Multiple B-1 Lancer “BONE” supersonic bombers deployed to take part in the first 2020 Red Flag exercise at Nellis AFB in February.Continue reading Watch BONE Afterburner Takeoffs at Nellis’ Red Flag 2020
Burned jet fuel has a distinct, sweet type of burning smell, and we can’t get enough of it. As far as the five senses, smell is the second to last with which we experience aviation, the final one of course being touch.Continue reading Love the Smell of Afterburners in the Morning
What’s faster than a jet engine?
Turbine engines are notoriously capable of achieving incredible speeds. But shortly after their initial development, a novel idea was born… Dump raw jet fuel straight into the exhaust of a jet engine.
Rather than fueling the engine once, when the incoming air is at its most compressed, engines fitted with afterburners also known as “reheat,” inject fuel twice. The result is a phenomenal mixture of combusting fuel and hot gasses roaring out the back of the engine, thrusting it and everything to it forward with incredible energy.
Future of Afterburners
While some rapidly advancing areas of aviation, especially drone and eco-friendly initiatives, are making great strides with the need for afterburners, they are solidly here to stay. Recon drones and commercial aircraft generally don’t require the acceleration provided by afterburners, but it is absolutely essential for modern fighter jets.
The F-35 Lightning II, the latest fighter jet to join the US Military inventory, is equipped with an afterburning engine capable of producing 43,000 lbf of thrust.
More Beautiful Afterburners
U.S. Air Force Maj. Garrett Schmitz, pilot for the F-16 Viper Demonstration Team, performs aerial maneuvers with an F-16 Fighting Falcon at Joint Base Langley-Eustis, Virginia, May 16, 2019. Air Combat Command pilots must complete rigorous training and receive certification from four levels of United States Air Force leadership before they can earn the title of Demonstration Team Commander. (U.S. Air Force photo by Airman 1st Class Marcus M. Bullock)
FORT WORTH, Texas (Dec. 6, 2018) An F-18 Super Hornet assigned to Strike Fighter Squadron (VFA) 31, the “Tomcatters,” departs from Naval Air Station Fort Worth Joint Reserve Base, Texas, to participate in a monumental 21-aircraft flyover featuring a missing-man formation over the memorial service for late President George H. W. Bush in College Station, Texas. Other squadrons that participated in the flyover came from Oceana, Virginia to Fort Worth, Texas, and included VFA 103, the “Jolly Rogers”; VFA 143, the “Pukin’ Dogs”; VFA 32, the “Swordsmen”; VFA 131, the “Wildcats”; VFA 105, the “Gunslingers”; VFA 83, the “Rampagers”; and VFA 87, the “Golden Warriors.” U.S. Navy photo by Mass Communication Specialist 1st Class Jose Jaen (Released).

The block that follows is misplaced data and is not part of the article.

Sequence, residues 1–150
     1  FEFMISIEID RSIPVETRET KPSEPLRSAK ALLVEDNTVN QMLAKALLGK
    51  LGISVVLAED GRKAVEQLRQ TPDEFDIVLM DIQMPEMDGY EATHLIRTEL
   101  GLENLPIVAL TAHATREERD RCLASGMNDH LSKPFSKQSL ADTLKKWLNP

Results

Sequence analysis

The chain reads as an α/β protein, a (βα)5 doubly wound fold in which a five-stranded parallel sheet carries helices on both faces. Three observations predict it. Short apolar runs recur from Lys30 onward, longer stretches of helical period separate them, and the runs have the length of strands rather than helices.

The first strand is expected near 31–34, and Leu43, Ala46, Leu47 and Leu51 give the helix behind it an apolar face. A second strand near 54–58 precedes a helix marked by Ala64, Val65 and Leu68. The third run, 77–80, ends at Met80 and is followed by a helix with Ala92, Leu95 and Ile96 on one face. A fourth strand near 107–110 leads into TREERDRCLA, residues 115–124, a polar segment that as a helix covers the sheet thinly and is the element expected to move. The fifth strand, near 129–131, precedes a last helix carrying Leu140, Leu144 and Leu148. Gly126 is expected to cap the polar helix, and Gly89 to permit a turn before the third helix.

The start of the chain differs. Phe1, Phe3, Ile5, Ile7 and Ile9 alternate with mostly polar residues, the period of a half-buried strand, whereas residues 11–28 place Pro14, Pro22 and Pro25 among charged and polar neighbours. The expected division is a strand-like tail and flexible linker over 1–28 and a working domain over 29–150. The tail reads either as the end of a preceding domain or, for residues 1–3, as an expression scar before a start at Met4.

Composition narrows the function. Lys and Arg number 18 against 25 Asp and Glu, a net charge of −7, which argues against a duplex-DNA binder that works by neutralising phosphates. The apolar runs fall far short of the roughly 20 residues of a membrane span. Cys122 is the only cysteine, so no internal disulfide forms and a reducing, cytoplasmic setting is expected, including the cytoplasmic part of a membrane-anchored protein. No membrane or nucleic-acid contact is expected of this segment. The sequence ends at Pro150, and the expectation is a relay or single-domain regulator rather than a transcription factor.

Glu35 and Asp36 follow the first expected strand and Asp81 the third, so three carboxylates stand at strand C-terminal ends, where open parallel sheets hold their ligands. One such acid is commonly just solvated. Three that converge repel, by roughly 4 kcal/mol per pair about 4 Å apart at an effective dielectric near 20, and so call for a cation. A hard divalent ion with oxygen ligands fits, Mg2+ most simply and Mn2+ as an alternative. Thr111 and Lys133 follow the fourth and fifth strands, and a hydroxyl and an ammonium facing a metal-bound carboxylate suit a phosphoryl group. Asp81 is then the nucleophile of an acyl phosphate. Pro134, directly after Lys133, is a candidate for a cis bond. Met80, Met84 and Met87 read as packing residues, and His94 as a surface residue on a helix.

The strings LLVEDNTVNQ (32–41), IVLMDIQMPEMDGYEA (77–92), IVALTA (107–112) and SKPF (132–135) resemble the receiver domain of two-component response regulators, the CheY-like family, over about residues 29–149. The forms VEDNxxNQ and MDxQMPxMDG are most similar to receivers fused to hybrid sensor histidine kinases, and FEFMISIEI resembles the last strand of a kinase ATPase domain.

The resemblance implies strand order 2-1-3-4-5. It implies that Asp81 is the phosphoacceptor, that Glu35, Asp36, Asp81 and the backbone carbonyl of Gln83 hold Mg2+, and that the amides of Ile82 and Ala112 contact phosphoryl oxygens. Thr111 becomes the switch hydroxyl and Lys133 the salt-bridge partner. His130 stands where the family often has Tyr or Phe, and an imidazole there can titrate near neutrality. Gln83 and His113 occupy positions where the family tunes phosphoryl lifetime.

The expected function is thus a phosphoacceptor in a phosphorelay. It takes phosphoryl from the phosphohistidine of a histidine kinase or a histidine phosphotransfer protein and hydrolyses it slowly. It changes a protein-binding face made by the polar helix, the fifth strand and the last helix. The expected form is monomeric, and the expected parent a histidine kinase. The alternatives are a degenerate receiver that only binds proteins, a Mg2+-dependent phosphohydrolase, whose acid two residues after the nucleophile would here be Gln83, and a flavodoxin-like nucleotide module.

A U.S. Air Force B-1B Lancer, assigned to the 337th Test and Evaluation Squadron, Dyess Air Force Base, Texas, takes off Sept. 23, 2018, at Andersen AFB, Guam. Valiant Shield is a biennial, U.S. only, field training exercise with a focus on integration of joint training among U.S. forces. (U.S. Air Force photo by Senior Airman Gerald R. Willis)
A pair of U.S. Air Force F-15E Strike Eagles fly over northern Iraq early in the morning of Sept. 23, 2014, after conducting airstrikes in Syria. These aircraft were part of a large coalition strike package that was the first to strike ISIL targets in Syria. (U.S. Air Force photo by Senior Airman Matthew Bruch/Released)
A U.S. Air Force B-1B Lancer flies over northern Iraq after conducting air strikes in Syria against ISIL targets, Sept. 27, 2014. The strikes were conducted as part of the president’s comprehensive strategy to degrade and ultimately destroy ISIL. (U.S. Air Force photo by Senior Airman Matthew Bruch)
A B-1 Lancer, assigned to the 34th Bomb Squadron, Ellsworth Air Force Base, South Dakota, takes off during Deliberate Strike Night at Nellis Air Force Base, Nevada, June 16, 2016. Composed of six different missions, Advanced Integration contains one of the most dynamic pertaining to fourth and fifth Generation airframes, a night exercise known as Deliberate Strike Night. (U.S. Air Force photo by Airman 1st Class Kevin Tanenbaum)
An F-22 Raptor from Joint Base Elmendorf-Richardson, Alaska takes off at Yokota Air Base, Japan, Aug. 3, 2018. The F-22 raptor is a fifth-generation fighter incorporating fourth-generation stealth technology, radical maneuvering capabilities, the ability to fly at supersonic speed without afterburners and unprecedented pilot situational awareness, making it the most dominant and advanced air superiority fighter in the world. (U.S. Air Force photo by Yasuo Osakabe)
A U.S. Air Force F-16 Fighting Falcon takes off during the Joint Forces Demonstration Arctic Thunder Open House on Joint Base Elmendorf-Richardson (JBER), Alaska, June 30, 2018. During the biennial open house, JBER opens its gates to the public and hosts multiple performers including the U.S. Air Force Thunderbirds, JBER Joint Forces Demonstration and the U.S. Air Force F-22 Raptor Demonstration Team. (U.S. Air Force photo by Senior Airman Javier Alvarez)
FOUR afterburning jet engines
The B-1 Lancer is a big plane – a big plane with a big payload. Beyond that it’s expected to go very fast. All of those requirements add up to a need for some serious thrust. The shot below is a great illustration of just the type of power needed to drive the B-1 Lancer.Continue reading B-1’s Beautiful Afterburner